Lyon, no stranger to the blogging game, already had a lot of good insights as to how to run her blog, Energy Law Today.
“I used to write just willy-nilly and see what was interesting, but now it’s more focused; I use what clients are asking me as a platform, what people are asking in happy hours, and talking about just socially. It’s a good indicator of what’s on people’s mind,” said Lyon.
She started the blog in September of 2014 with a former partner at her firm, Fox Rothschild, where she’d found the marketing department really supportive of blogs in general. She found that the blogging style was a better fit for what she wanted to impart clients with—narratives beyond just the latest decisions coming down the pipe.
“Blogging seems to be where I get a) the most traffic, and b) the best return on my investment. You can talk about such a wide variety of things, and it really broadens your target audience,” said Lyon, who blogs from Denver. “Client alert feedback showed that people only really want to see case updates; a quick little primer that hits all the highpoints. On a blog you can use it for that, but it doesn’t have to just be that. The platform allows you to talk about not just the case but the news in the industry, and agency [issues]. You’re not just tied to litigation.”
When her blogging partner left, she took the helm solo, and really started using analytics from her firm to help her understand what landed and what didn’t. After all, Energy Law Today still covers a wide variety of topics to help show the public that they understand more than just oil and gas; Lyon blogs on everything from natural resources, renewables, solar, wind, and mining issues. The energy and natural resource industry is very transitional; important topics are constantly coming and going. Thanks to the firm’s feedback reports and her insights to shares from LinkedIn, she knows which topics land home with her audience.
She knows that these days her audience may be a little over saturated with sage grouse news, and that stories on the price of oil might do a bit better on social media than something on mining.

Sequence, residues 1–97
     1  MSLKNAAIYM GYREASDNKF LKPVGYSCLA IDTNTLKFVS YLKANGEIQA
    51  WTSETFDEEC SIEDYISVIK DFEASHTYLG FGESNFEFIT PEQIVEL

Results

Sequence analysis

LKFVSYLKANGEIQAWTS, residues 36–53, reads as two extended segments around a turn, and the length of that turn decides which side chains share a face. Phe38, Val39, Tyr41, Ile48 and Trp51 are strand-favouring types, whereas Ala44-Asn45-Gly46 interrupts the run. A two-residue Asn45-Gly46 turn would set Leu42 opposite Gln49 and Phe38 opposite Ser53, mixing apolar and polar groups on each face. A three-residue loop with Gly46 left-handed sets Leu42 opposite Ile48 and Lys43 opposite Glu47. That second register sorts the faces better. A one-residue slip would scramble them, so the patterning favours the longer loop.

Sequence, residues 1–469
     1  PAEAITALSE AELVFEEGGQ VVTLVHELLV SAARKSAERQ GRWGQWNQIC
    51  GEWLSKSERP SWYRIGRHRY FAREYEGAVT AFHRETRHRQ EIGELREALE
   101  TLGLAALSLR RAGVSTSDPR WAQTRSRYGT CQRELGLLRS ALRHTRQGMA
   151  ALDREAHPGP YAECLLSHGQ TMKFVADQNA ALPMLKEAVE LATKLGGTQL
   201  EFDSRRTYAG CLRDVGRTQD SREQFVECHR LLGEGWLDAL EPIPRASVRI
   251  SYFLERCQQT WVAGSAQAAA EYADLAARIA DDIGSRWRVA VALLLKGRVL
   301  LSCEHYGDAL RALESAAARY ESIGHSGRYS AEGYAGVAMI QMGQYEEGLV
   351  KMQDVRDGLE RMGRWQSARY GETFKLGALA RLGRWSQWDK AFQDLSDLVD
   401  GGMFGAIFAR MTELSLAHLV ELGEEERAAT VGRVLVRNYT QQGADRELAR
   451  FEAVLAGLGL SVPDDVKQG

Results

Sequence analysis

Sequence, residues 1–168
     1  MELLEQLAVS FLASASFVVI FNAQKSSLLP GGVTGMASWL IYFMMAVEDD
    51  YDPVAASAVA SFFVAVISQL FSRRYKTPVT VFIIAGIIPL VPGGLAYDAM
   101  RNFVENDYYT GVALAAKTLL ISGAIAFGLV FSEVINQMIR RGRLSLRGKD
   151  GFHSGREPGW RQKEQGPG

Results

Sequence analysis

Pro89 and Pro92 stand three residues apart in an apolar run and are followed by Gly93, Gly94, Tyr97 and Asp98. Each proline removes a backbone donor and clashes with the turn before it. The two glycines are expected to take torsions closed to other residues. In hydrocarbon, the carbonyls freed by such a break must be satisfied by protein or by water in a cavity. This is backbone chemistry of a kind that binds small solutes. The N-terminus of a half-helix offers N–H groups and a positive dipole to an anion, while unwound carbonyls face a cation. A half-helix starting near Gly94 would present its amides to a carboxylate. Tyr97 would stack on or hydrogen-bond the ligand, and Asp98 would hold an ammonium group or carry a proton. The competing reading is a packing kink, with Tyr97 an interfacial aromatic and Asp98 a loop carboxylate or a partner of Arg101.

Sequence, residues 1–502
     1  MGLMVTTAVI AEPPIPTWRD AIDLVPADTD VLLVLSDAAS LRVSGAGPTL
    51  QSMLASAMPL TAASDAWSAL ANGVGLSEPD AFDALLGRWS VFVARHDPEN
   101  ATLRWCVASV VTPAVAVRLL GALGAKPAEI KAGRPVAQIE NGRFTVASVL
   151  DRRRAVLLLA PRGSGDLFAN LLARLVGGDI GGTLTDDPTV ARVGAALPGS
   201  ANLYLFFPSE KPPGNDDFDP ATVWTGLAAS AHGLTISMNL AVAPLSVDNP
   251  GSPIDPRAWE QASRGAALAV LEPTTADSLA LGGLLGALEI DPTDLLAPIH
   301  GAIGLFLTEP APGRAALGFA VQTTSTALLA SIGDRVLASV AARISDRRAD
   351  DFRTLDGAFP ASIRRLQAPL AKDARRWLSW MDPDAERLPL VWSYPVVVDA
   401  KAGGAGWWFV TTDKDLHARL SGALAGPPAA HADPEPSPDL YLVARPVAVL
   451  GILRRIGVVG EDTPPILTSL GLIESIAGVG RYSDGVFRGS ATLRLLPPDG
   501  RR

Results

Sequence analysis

But when Parvin suggested she marry her own interests with those of her practice, she started seeing even more engagement.
“His guide was to use what interests me as a starting point, since the readers want to know what I’m passionate about,” said Lyon, who ended up starting a new subtopic called “Recipe Box.” “Baking is one of my primary hobbies, and so I tie in oil and gas concepts into baking topics and actually get a ton of hits off of that.”
Here she’s been able to write about how using what you have is a concept shared by both pumpkin bread and energy resources, or how patience serves both her great-grandma’s bread recipe and those interested in OPEC production cuts. The result is that she’s able to present an angle no one else has, and she’s gotten some of her favorite feedback from her readers.
“These posts are really fun for me to write and I get a lot of really positive feedback,” said Lyon. “It’s kind of weird to make these parallels like ‘you don’t have enough cooks in the kitchen’ and fraud in the market. But it’s the most fun for me, having a CEO or industry executive comment on my kind of silly blog on baking and energy, because people are reading it. Everytime I get feedback from people that it’s insightful or a great correlation I really value that.”
If you ask Lyon what her advice to other bloggers would be to make sure you’re blogging frequently, and as consistently as possible. After all, it’s all about giving the readers what they want, all while finding your own voice.
“Help people start to see you as a source, not just ‘here’s a one-off piece about this case,’” said Lyon, who’s found blogging has helped her connect beyond that. “It’s really enjoyable to see readers enjoy getting to know you as a person, and also valuing the information you’re passing along too…People like to see industry updates, but they also like to see that personal touch from you as a lawyer.”